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Old 02-05-2016, 09:32 AM   #41
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.......... If they're outperforming then the fees are well-spent. Would you choose a fund with a 0.5% expense ratio and a 5% average return after expenses over a fund with a 2% expense ratio (assuming similar investment objectives) and an average net return of 6%, just because the former has a lower expense ratio?
Given two investments with equal risk, this scenario seems like a slam dunk. The problem is that I've never seem a convincing argument that the better performing managed investment can be chosen in advance. Looking backward, it happens, but only for the lucky.
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Old 02-05-2016, 01:22 PM   #42
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I am a financial advisor. Some people are perfectly capable of handling their own investments without the help of a financial advisor, some are not. The thing that makes managing your own investments difficult is that it isn't just money. Its your life savings, its your security and its the difference between working longer or retiring, and also living comfortably in retirement or not. It's a very emotional thing and it is hard for some people to make rational decisions about their money when the stakes regarding failure are so high. ...
Two things -

First, if making a DIY investment decision is so terribly difficult and emotional and fraught with irreversible failure, how does this same person make an intelligent, safe decision on choosing an FA? How would one even evaluate an FA, if they don't know about investing in the first place? Do they just trust them? A lot of people trusted Bernie M.

As we have said here many times, once you have learned enough to evaluate an FA, you have learned more than enough to DIY.

Second, explain what is so difficult about dumping all your money in a target retirement fund, or choosing any AA between 50/50 and 90/10 and dumping that in a an index SP500 and index Bond fund?

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Don't tell everyone they can do it alone- everyone can't!
I do';t believe anyone said "everyone can". But I do';t see how anyone who was intelligent and motivated enough to earn and save a large portfolio would not be able to read a little understand that they can pick an AA and buy a couple funds and let it ride, and that there aren't any FA's with a secret sauce out there that can reliably beat the market after expenses (or maybe even before, not that it matters).

Can you share public information that shows your clients have done better, after your fees/expenses, than a couch potato or other simple DIY, low effort portfolio? I'll wait.

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Old 02-05-2016, 01:25 PM   #43
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Andy Sr, our experience has been the small fee's to our FA and CPA, are well worth it.
And how did you determine this?

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Old 02-05-2016, 01:31 PM   #44
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Given two investments with equal risk, this scenario seems like a slam dunk. The problem is that I've never seem a convincing argument that the better performing managed investment can be chosen in advance. Looking backward, it happens, but only for the lucky.
I agree- I deliberately chose a simple example but the bigger the expense %, the more you have to outperform the benchmarks to justify your existence- and that can mean taking on more risk. This is something I've been watching in my own portfolio and I've gradually been shifting to products with a lower expense ratio and, in some cases, individual stocks and bonds. If I did it all at once, I'd get killed on the taxes in the taxable accounts.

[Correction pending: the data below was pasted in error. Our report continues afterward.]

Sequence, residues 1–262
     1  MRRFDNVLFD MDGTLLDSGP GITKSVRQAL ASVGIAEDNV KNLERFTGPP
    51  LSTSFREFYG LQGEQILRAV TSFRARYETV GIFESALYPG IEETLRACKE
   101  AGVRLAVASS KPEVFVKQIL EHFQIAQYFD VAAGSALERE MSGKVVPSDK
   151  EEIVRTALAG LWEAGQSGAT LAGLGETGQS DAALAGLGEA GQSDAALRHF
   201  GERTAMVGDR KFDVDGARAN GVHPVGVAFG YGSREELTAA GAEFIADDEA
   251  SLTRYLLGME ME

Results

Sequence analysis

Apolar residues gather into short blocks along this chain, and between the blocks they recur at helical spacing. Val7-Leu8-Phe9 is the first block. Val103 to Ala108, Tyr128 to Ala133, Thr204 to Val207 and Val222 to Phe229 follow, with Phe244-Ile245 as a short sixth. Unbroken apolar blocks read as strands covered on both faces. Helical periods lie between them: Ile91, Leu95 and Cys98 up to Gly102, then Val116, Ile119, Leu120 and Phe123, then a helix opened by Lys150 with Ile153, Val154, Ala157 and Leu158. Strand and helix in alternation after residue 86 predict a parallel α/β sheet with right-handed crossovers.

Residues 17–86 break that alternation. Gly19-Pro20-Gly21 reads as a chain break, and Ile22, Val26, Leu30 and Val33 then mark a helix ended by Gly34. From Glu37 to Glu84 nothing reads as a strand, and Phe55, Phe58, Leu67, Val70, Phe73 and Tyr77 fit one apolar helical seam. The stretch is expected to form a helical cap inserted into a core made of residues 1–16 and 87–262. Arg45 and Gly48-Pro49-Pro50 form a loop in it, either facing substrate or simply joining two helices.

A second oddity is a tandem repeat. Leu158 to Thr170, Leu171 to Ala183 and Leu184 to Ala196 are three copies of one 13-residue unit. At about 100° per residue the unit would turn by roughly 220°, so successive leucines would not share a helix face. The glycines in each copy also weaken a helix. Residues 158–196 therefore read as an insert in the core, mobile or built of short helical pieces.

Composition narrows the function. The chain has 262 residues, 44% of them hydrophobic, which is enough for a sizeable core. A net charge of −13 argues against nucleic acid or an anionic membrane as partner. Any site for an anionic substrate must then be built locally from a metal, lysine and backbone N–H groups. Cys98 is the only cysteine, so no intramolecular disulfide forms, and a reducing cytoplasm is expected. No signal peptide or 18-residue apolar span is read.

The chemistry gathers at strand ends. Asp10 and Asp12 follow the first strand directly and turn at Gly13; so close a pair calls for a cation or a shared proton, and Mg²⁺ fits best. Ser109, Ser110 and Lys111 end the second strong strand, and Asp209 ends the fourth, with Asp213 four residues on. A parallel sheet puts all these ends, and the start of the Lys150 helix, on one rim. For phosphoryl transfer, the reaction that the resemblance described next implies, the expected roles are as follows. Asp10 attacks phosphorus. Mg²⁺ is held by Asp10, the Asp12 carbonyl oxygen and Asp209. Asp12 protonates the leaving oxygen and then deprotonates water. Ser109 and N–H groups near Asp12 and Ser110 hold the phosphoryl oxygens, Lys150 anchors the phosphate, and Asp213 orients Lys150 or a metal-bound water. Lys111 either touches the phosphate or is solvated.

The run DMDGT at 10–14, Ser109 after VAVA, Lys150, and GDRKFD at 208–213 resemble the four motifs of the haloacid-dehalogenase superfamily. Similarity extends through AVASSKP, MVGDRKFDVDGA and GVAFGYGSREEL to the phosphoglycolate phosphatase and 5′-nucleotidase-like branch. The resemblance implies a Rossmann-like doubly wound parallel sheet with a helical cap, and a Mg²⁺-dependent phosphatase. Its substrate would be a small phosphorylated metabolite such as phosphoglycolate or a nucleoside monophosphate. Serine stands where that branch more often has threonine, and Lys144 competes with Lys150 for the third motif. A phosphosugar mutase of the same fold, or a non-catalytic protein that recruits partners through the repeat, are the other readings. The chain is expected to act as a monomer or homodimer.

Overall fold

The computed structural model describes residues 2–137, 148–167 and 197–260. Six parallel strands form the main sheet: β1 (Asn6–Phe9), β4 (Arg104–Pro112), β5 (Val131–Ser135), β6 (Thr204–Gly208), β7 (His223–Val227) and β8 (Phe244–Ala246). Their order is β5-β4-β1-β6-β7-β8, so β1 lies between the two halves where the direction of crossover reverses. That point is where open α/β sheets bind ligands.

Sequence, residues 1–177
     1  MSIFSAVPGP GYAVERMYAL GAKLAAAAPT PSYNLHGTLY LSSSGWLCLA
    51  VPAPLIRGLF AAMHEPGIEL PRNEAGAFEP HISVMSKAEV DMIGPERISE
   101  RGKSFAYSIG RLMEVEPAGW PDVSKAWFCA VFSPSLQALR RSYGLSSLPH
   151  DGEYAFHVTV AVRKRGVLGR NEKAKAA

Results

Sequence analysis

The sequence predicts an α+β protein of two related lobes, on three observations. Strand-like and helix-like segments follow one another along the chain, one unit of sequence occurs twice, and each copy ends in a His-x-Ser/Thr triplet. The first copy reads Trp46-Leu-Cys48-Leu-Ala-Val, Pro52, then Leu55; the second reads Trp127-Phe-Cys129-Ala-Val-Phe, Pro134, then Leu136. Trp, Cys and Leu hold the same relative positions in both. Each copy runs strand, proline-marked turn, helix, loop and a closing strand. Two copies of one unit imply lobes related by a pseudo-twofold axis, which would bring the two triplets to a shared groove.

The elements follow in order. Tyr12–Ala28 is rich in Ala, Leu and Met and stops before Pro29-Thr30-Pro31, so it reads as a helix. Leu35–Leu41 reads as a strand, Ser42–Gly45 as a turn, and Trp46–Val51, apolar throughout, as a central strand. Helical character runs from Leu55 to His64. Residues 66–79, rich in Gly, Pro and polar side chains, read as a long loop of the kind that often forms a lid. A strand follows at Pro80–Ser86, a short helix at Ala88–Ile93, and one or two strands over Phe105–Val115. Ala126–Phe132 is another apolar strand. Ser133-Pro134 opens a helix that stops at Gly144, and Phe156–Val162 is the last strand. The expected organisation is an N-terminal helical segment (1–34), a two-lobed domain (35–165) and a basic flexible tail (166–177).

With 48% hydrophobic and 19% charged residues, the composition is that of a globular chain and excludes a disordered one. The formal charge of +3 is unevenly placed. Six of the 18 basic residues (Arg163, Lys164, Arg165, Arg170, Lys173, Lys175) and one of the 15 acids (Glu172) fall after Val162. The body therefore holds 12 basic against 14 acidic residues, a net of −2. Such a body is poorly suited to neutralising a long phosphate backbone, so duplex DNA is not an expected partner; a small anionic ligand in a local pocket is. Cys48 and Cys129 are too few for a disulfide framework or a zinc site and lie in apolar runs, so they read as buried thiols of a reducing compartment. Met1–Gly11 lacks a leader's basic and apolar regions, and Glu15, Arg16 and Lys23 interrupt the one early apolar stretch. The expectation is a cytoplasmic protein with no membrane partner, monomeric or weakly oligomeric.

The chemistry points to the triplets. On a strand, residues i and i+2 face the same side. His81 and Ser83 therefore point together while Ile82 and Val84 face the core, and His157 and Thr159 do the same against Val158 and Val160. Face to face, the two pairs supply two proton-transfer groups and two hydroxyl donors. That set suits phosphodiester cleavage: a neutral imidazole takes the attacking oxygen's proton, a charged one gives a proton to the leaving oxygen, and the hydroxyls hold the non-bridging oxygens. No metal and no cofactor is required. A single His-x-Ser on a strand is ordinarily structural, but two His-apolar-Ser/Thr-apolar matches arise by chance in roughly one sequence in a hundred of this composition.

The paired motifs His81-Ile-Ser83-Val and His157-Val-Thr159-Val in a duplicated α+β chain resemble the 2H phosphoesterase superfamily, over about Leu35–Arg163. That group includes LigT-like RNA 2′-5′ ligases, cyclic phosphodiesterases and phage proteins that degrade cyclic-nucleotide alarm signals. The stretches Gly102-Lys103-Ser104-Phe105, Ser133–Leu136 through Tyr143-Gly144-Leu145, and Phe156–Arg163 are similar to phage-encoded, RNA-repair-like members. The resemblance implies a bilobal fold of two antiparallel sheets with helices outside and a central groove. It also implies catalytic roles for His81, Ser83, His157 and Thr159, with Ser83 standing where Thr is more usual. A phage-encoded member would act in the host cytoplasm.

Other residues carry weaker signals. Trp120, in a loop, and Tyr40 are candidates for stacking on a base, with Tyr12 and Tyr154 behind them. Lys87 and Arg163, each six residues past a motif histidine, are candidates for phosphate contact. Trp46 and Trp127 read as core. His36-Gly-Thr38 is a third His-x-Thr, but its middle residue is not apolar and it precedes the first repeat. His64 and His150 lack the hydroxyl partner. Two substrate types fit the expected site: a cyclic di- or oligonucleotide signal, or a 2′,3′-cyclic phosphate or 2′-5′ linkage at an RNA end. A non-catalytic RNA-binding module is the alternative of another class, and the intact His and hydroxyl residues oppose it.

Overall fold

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Old 02-05-2016, 02:09 PM   #45
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I think ugeauxgirl has some valid points. As background, I am a devoted DIY investor and have been for years but BIL and a good friend are FAs (I don't use them but hear their war stories, especially when markets are skittish).

There are some people who are just too skittish to DIY... while it is simple to most of us these people need some hand-holding.... particularly during periods of market volatility. I know a few retirees who were DIY and bailed when things were bad, never got back in an lost out on the rally... these people are still doing fine it is just they lost a nice opportunity... a good advisor likely would have convinced them to stay the course or only moderately pare back their holdings.

There is no logical reason why everyone can't DIY... its pretty easy IMO... but a small set of people are too emotional about their money and lack the self-confidence to really do it.

We don't know enough about Andy Sr. to know which camp he falls into but I still think MOST people can DIY and those who can't/shouldn't are a small subset of the total population.

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I am a financial advisor. Some people are perfectly capable of handling their own investments without the help of a financial advisor, some are not. The thing that makes managing your own investments difficult is that it isn't just money. Its your life savings, its your security and its the difference between working longer or retiring, and also living comfortably in retirement or not. It's a very emotional thing and it is hard for some people to make rational decisions about their money when the stakes regarding failure are so high. If you are not sure if you can stick with your plan if your portfolio declines in value by 25, 40 or 50%, you may want to hire some help. If you can stand the volatility, you will certainly get off cheaper doing it yourself. Financial Advisors, (like Doctors, Lawyers, Accountants, Engineers etc all have to earn a living)

Financial Advisors are accustomed to being "interviewed" by prospective clients. He/she should explain all of your options and all of the fees, and explain what you expect to get in return for your fees. Referrals are a great idea- one of the best indicators of a good financial advisor is when they advise you of something that is clearly not in their best interest- its in yours. Ask your friends which of their advisors have told them NOT to sell in a down market, have discouraged them from buying "hot stocks" they heard about on the golf course, and have steered them away from expensive products they don't need.